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Editorial: False IRA black taxi claims misrepresent Belfast and its people

The emergence of Belfast as a leading conference venue in recent years is one of the many enormously positive transformations made possible by the Good Friday Agreement.

Before then, persuading the organisers of events aimed at professionals from elsewhere in Ireland, Britain or beyond to hold their flagship events in Belfast was perhaps the definition of a 'hard sell'.

Thankfully we have moved on from the time when Belfast's tourist offering included what was billed as 'Europe's most bombed hotel'. Paramilitary ceasefires and the dismantling of the 'ring of steel' which choked normal commercial and social life in the city centre throughout the Troubles, as well as significant investment in hotels and tourism mean Belfast is now a top destination for private and corporate visitors.

Meanwhile, Northern Ireland has also seen a rapid development in modern high-tech industries - many bringing jobs that hadn't even been invented 25 years ago.

Cyber security is one of these new areas, and the decision to bring the sector's most important conference to Belfast this week was confirmation of the expertise and skills that have been developed in the north.

Against this backdrop, it is frankly bizarre that the CyberUK 2023 conference has found itself mired in a wholly unnecessary row over how conference literature for support staff at the event misrepresented Belfast as a dangerous city. Especially erroneous was a warning that visitors should not take black taxi tours "because they are run by the IRA".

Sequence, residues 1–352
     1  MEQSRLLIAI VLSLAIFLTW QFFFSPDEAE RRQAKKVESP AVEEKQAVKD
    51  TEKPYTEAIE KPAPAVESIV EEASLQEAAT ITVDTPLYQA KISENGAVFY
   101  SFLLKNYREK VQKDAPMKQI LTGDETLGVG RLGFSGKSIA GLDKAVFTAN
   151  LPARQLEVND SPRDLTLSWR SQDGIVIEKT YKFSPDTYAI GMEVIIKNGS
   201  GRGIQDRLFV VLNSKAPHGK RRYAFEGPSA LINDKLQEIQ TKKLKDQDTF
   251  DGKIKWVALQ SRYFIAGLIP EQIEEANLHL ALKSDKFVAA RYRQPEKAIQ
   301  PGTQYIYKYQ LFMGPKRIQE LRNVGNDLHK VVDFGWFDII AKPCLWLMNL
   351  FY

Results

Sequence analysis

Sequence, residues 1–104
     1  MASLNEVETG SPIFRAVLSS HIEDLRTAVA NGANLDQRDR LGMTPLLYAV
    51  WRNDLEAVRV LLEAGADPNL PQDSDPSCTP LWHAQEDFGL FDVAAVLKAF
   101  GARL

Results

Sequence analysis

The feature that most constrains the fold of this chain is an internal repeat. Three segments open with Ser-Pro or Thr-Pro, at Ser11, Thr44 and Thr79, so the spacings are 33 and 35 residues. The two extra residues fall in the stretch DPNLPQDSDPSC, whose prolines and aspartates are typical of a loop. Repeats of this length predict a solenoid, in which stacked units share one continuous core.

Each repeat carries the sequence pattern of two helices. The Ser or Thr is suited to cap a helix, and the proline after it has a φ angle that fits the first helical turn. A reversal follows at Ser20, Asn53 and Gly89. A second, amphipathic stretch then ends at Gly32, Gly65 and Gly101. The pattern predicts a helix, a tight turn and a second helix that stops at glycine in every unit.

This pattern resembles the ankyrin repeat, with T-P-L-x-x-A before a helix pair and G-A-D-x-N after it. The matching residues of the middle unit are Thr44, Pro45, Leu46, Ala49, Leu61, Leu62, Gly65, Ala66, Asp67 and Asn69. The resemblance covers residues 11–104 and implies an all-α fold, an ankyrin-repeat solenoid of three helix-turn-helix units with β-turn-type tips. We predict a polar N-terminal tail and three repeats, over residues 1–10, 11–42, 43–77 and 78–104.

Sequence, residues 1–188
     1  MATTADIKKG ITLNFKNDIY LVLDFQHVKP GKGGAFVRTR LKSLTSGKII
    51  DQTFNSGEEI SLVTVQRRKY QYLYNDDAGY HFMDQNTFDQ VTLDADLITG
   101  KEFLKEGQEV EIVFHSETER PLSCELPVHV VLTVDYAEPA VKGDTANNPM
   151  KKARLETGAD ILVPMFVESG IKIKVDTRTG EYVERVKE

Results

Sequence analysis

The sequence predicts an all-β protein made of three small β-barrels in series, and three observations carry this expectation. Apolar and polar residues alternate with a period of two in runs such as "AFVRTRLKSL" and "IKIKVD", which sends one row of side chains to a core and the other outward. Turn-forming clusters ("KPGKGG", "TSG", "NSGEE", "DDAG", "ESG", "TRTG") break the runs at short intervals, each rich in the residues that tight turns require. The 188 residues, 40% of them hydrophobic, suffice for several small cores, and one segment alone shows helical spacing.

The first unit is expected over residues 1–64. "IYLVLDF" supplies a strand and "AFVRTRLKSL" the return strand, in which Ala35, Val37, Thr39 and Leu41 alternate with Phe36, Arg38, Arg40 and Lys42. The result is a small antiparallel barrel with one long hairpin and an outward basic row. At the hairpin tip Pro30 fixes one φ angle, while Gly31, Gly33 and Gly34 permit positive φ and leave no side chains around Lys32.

The National Cyber Security Centre, which is part of GCHQ and runs the conference, said the document had contained "significant factual inaccuracies" and been issued in error by a contractor. Bray Leino Events acknowledged that offence had been caused and said the document had been withdrawn and apologies made.

However, the city's taxi drivers say they won't be able to move on quite so easily. Solicitors for Belfast Taxis CIC have launched defamation proceedings over the false claims linking the industry to the IRA.

Another driver, Jason O'Halloran, has told this newspaper that he fears for his life after a tourist passenger quizzed him about whether he had been in the IRA. Mr O'Halloran, who was shot by the UFF in a sectarian attack in north Belfast in 2002, says he is now worried about going into the Shankill area.

It is profoundly regrettable that outdated attitudes about Belfast persist. As visitors to this week's conference - and the thousands of others who now arrive each year on cruise ships, and by car, ferry and plane - will discover, this is a place transformed, where a warm welcome awaits all.

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